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bio website alexandrochen.quora.com
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visits member for 3 years, 6 months
seen 8 hours ago

2d
comment How do you know when there's something missing in your story?
Thanks. But I think it's not necessary to close all the threads. If you leave them open the reader ends up thinking about them even after the end of the story (it lingers in them and that's good).
Sep
14
comment Should the opening of a short story mirror the ending?
Oh, I see. Well, maybe she is right. But I still think it's more important to make the opening gripping. Plus, if you write a gripping opening sentence, the rest practically writes itself. But that's just me. It may not work for everyone. Just remember rules in writing are just scaffolds to build upon. No scaffold suits every building.
Sep
13
comment Is it bad to include subplots that don't push the story forward?
Hi Rick. Ha, I've been there for ages: scribophile.com/authors/alexandro-chen
Sep
12
comment Do I risk losing reader if I put too many religious/anti-religious views?
Oh you're right. Fixed.
Sep
6
comment How to deal with cliche dialogue?
I never thought about it like that. Ha, thanks you lifted my self-esteem.
Sep
6
comment How to deal with cliche dialogue?
" You're not going to have rat-a-tat-tat patter graveside." Haha, thanks. Now I know how to make the scene funnier.
Aug
27
comment Does this urge you to read further or stop?
I always thought the Hunger Games was a rip off of Battle Royale: en.wikipedia.org/wiki/Battle_Royale_(film)
Aug
26
comment Pulling the reader out of the narrative: When it's too much?
@Lauren Ipsum Haha, OK, maybe I should just remove that part.
Aug
26
comment Pulling the reader out of the narrative: When it's too much?
@Matt Ellen OK, I'll think about that.
Aug
26
comment Pulling the reader out of the narrative: When it's too much?
@Matt Ellen Well, that's the only place I describe the mother in the whole story. So that the reader can have some idea how she looks like.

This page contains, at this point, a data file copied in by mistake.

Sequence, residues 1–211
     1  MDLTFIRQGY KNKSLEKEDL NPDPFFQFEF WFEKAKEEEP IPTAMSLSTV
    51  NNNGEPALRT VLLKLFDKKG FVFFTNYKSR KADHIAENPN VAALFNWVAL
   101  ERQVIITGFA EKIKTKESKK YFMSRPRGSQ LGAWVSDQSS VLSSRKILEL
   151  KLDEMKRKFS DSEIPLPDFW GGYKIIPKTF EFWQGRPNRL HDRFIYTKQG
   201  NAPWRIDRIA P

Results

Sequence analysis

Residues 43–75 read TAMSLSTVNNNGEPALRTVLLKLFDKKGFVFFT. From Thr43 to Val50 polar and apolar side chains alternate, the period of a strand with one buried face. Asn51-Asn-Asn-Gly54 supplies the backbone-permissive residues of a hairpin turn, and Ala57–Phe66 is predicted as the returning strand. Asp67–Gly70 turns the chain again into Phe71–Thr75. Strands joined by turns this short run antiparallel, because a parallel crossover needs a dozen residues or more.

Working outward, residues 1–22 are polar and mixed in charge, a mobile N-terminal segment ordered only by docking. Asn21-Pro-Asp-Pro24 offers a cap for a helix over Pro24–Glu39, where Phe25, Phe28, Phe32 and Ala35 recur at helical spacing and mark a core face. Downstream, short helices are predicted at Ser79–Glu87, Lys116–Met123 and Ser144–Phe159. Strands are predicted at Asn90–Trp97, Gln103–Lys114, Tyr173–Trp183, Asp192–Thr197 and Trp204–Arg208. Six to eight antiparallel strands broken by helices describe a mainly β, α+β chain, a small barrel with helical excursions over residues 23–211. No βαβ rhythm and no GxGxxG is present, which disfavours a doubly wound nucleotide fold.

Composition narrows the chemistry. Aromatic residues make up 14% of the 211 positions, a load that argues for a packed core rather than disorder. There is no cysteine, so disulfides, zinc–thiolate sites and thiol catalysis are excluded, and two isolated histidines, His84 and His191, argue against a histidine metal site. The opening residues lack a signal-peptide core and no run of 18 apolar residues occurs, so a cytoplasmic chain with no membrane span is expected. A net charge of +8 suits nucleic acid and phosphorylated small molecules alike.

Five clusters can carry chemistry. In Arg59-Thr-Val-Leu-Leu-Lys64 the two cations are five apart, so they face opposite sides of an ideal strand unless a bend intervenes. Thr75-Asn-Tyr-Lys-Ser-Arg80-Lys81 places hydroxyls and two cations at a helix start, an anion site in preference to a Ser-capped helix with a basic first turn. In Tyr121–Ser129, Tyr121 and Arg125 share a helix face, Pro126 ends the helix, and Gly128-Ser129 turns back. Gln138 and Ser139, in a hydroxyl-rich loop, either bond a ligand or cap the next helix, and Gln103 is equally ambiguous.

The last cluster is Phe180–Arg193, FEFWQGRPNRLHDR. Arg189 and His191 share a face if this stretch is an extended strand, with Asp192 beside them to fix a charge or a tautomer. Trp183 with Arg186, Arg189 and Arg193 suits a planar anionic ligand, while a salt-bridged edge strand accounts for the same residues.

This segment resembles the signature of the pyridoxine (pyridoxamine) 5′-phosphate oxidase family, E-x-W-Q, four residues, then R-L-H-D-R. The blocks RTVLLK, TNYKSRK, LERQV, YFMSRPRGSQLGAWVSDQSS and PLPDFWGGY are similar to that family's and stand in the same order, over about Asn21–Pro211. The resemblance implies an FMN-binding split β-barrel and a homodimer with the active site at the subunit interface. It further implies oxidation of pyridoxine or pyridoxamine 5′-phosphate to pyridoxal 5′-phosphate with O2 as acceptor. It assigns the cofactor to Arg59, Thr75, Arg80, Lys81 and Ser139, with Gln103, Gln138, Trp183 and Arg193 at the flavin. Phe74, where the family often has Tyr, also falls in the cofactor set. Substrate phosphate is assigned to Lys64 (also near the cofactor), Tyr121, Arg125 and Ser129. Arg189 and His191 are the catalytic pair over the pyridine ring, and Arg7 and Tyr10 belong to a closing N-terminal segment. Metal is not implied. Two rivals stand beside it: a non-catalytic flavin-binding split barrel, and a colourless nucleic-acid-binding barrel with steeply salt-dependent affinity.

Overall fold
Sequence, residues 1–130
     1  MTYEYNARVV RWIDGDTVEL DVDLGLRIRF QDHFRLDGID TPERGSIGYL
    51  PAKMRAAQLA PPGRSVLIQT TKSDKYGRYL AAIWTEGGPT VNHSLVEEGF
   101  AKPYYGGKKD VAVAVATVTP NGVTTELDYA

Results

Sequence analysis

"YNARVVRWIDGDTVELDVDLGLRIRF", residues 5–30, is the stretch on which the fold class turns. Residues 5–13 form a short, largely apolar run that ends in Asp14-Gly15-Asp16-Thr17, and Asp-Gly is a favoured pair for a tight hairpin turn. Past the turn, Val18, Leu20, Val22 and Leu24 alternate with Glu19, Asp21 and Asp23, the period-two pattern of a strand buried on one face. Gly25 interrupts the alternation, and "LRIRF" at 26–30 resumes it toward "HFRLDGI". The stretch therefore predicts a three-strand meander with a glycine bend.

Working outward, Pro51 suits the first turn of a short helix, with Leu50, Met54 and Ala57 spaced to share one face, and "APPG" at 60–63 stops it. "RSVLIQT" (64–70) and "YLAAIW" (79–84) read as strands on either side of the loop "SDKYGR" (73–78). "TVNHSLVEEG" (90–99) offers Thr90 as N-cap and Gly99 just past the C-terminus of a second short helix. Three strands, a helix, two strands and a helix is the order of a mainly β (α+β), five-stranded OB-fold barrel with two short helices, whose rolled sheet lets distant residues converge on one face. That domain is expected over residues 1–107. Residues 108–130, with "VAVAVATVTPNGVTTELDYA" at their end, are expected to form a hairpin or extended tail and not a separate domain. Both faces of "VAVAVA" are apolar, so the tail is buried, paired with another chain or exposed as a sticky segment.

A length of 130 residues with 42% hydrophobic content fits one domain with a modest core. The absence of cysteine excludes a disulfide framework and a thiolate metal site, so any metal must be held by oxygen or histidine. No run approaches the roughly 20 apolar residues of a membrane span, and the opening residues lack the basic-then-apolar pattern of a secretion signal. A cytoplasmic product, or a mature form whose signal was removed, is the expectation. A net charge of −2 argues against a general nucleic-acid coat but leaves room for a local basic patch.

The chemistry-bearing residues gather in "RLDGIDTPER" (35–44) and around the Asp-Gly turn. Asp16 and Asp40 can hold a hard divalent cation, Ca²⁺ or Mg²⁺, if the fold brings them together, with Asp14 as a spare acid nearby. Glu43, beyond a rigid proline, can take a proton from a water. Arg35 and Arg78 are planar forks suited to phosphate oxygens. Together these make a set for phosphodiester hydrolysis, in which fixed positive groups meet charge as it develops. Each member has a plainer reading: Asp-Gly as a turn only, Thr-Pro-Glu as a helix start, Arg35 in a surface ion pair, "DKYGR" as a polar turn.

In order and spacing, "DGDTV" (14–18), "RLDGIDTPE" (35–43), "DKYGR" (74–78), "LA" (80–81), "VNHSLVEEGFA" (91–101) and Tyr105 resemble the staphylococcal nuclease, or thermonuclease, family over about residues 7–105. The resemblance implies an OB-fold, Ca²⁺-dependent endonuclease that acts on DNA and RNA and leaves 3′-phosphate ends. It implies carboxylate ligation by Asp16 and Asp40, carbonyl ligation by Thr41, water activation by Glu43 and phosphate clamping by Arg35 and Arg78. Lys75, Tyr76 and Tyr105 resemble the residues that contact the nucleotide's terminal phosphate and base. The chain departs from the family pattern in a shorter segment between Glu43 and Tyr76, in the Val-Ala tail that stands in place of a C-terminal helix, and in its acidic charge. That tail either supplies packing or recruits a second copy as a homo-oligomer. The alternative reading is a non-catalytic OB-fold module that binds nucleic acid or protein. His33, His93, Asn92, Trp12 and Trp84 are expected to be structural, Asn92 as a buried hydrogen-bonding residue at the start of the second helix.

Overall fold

Aug
24
comment Does this text flow smoothly (description of suicidal thoughts)?
Thanks for your feedback. Yes, it's supposed to sound detached and a bit silly. The story is about a girl who's researching about drowning ducks, jumping cows, hanging chihuahuas after all.
Aug
12
comment Does the following opening grip you?
Thanks for the feedback. I'm not sure what genre I write. The only thing I know is that I live in constant horror that someone will classify my work as YA (OK, it isn't that bad. The Fault in Our Stars was pretty good).
Aug
8
comment When does repetition start becoming tedious (especially metaphors)?
@One Monkey Ha, I think this is a matter of style. I find the metaphor versions too exaggerated...what's the word...hyperbolic? (I think this is the main difference between Western and Eastern literature). The third example is pretty good, though. Thanks for the suggestions.
Jul
31
comment Should I change POVs in the following case?
I see. I'll think of something. Thanks anyway.
Jul
31
comment Is it unnecessary to mention that there is a silence in the following cases?
Oh, a typo. 'They.'
Jul
31
comment Should I change POVs in the following case?
Thanks. But my question was whether the narration would be more compelling if I used the POV of the second main character instead of just "describing" the video with the POV of the first one.
Jul
12
comment Pros and cons of using real brand/company names?
@Lauren Ipsum I see, thanks for the answer. I'm asking this because I was having troubles describing Facebook. Should I just say, "She checked her social network's posts?"
Jun
5
comment Delaying narrative/actions
Ha, meant a sharp curve.
Jun
5
comment Am I using too many adjectives/adverbs in the following piece?
Wow, thanks a lot. If you wrote a book about flow/sentence structure, I'd definitely buy it.
May
22
comment 3 short stories that can be turned into a novel. Should I pick the one with best reviews?
Thanks for the answer. Could you tell me what's the problem with the commas so I can fix them in the next revision?